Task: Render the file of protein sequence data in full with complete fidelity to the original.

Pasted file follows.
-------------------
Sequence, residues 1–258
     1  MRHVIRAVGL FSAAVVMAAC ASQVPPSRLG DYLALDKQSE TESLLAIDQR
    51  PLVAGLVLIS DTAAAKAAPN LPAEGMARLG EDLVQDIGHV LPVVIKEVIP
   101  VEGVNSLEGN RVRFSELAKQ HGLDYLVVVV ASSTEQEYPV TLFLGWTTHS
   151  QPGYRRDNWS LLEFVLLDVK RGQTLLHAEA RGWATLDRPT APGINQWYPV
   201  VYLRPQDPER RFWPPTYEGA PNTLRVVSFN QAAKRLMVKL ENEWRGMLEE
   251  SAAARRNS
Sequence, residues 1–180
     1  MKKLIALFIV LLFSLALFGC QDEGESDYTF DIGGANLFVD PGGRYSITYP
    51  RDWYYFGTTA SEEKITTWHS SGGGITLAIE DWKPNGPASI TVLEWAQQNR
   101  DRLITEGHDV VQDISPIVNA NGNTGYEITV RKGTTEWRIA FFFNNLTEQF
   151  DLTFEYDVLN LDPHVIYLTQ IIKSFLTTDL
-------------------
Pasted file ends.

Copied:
Sequence, residues 1–258
     1  MRHVIRAVGL FSAAVVMAAC ASQVPPSRLG DYLALDKQSE TESLLAIDQR
    51  PLVAGLVLIS DTAAAKAAPN LPAEGMARLG EDLVQDIGHV LPVVIKEVIP
   101  VEGVNSLEGN RVRFSELAKQ HGLDYLVVVV ASSTEQEYPV TLFLGWTTHS
   151  QPGYRRDNWS LLEFVLLDVK RGQTLLHAEA RGWATLDRPT APGINQWYPV
   201  VYLRPQDPER RFWPPTYEGA PNTLRVVSFN QAAKRLMVKL ENEWRGMLEE
   251  SAAARRNS
Sequence, residues 1–180
     1  MKKLIALFIV LLFSLALFGC QDEGESDYTF DIGGANLFVD PGGRYSITYP
    51  RDWYYFGTTA SEEKITTWHS SGGGITLAIE DWKPNGPASI TVLEWAQQNR
   101  DRLITEGHDV VQDISPIVNA NGNTGYEITV RKGTTEWRIA FFFNNLTEQF
   151  DLTFEYDVLN LDPHVIYLTQ IIKSFLTTDL